South East Wales

Organ transplant benefits greater than risks, says expert

Donor card Image copyright PA
Image caption 'There are people out there who need organs' said Adam Cairns from Cardiff and Vale health board

Patients must not be put off accepting donor organs following the deaths of two men who received kidneys infected with a parasitic worm, experts say.

Doctors stress the benefits of transplants outweigh the risks.

Robert "Jim" Stuart, 67, and Darren Hughes, 42, died in 2013 after receiving the kidneys. On Thursday a coroner ruled a Cardiff surgeon could not be criticised for accepting them.

Prof Anthony Warrens said the case was very sad and extremely unusual.

"We must use this as an opportunity too, to learn from it and to understand that it's extremely unusual and the benefits for patients of having a transplant are just so much - so much greater than the risks," said Prof Warrens, president of the British Transplantation Society.

"The most tragic figure is that three people in this country die every day because there isn't enough organs to transplant them.

"These are people who are dying needlessly. It is very, very tragic."

Both men died following the operations at Cardiff's University Hospital of Wales (UHW) where they were given kidneys later found to be infected with parasitic meningitis-causing worms.

Image copyright Irwin Mitchell
Image caption Robert Stuart, 67, and Darren Hughes, 42, died after receiving kidney transplants

The inquest heard there have only been five known cases worldwide in humans - all of which had proved fatal.

Assistant coroner Christopher Woolley gave a narrative conclusion at the hearing on Thursday, ruling that both men died due to the unintended consequences of necessary medical intervention.

The families of both Mr Stewart, of Cardiff, and Mr Hughes, of Bridgend, have appointed a solicitor to investigate civil negligence claims and say both men would never have agreed to press ahead with the transplants if they had known the donor - an alcoholic - had died of meningitis.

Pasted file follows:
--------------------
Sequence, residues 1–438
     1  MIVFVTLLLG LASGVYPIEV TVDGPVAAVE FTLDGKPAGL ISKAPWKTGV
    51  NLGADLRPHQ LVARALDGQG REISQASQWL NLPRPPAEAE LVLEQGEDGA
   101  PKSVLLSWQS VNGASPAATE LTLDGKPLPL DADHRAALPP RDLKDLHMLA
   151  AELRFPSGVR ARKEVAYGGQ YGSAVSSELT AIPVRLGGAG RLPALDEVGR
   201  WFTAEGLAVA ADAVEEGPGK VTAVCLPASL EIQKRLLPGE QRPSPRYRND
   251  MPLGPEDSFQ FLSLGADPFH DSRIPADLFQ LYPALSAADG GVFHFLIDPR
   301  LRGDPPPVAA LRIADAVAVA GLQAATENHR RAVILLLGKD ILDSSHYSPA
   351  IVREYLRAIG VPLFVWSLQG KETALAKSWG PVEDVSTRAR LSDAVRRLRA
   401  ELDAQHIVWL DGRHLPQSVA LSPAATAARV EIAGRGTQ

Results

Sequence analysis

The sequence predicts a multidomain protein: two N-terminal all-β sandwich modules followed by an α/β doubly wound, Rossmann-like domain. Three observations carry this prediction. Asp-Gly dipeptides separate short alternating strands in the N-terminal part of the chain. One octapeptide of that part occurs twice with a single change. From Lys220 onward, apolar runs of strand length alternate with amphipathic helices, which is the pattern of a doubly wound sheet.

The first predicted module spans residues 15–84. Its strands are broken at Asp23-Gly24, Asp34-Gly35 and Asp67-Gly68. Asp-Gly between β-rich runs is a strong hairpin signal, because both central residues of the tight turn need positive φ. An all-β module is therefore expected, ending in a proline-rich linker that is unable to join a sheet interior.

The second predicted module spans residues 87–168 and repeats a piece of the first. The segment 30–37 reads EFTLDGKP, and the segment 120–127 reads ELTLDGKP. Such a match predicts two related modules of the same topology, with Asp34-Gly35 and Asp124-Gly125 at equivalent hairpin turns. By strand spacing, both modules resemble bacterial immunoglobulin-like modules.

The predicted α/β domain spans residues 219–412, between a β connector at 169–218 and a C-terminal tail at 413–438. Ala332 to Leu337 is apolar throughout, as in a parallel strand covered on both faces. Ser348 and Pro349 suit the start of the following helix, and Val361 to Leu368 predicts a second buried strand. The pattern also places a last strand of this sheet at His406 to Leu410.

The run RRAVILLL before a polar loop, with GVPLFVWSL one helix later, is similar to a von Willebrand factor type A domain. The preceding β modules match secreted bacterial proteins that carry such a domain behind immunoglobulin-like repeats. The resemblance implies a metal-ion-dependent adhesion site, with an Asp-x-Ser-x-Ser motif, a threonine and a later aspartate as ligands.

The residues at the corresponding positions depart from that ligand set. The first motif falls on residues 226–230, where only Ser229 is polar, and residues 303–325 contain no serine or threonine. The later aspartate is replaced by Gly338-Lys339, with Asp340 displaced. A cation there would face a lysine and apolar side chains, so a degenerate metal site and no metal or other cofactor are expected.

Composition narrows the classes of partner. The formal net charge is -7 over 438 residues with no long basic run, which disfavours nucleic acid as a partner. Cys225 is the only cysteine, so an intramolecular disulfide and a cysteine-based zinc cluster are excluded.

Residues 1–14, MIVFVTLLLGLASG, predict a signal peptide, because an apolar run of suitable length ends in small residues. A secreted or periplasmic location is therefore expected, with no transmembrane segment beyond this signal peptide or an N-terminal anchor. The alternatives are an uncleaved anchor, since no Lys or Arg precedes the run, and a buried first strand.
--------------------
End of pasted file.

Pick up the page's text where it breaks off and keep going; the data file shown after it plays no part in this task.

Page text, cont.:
But the surgical team at UHW told the inquest both men knew the donor's medical history.

Cardiff and Vale University Health Board said it has improved its process when seeking consent from patients and their families to undergo transplant by making the consenting process more continuous and improving documentation.

It commissioned a report to see if lessons could be learned following the men's deaths.

Health board chief executive Adam Cairns said it was important to stress that while the deaths were a tragedy they were due to "such a rare situation".

"I do think it is important to emphasise that because transplantation is important," he said.

"There are people out there who need organs and their lives can be lengthened and improved."

The NHS Blood and Transplant (NHSBT) service said an audit showed 52 donors with encephalitis or meningitis of an unknown cause across the UK had donated 159 organs in the 10 years to 31 March 2013 which were transplanted with no transmission of infection.

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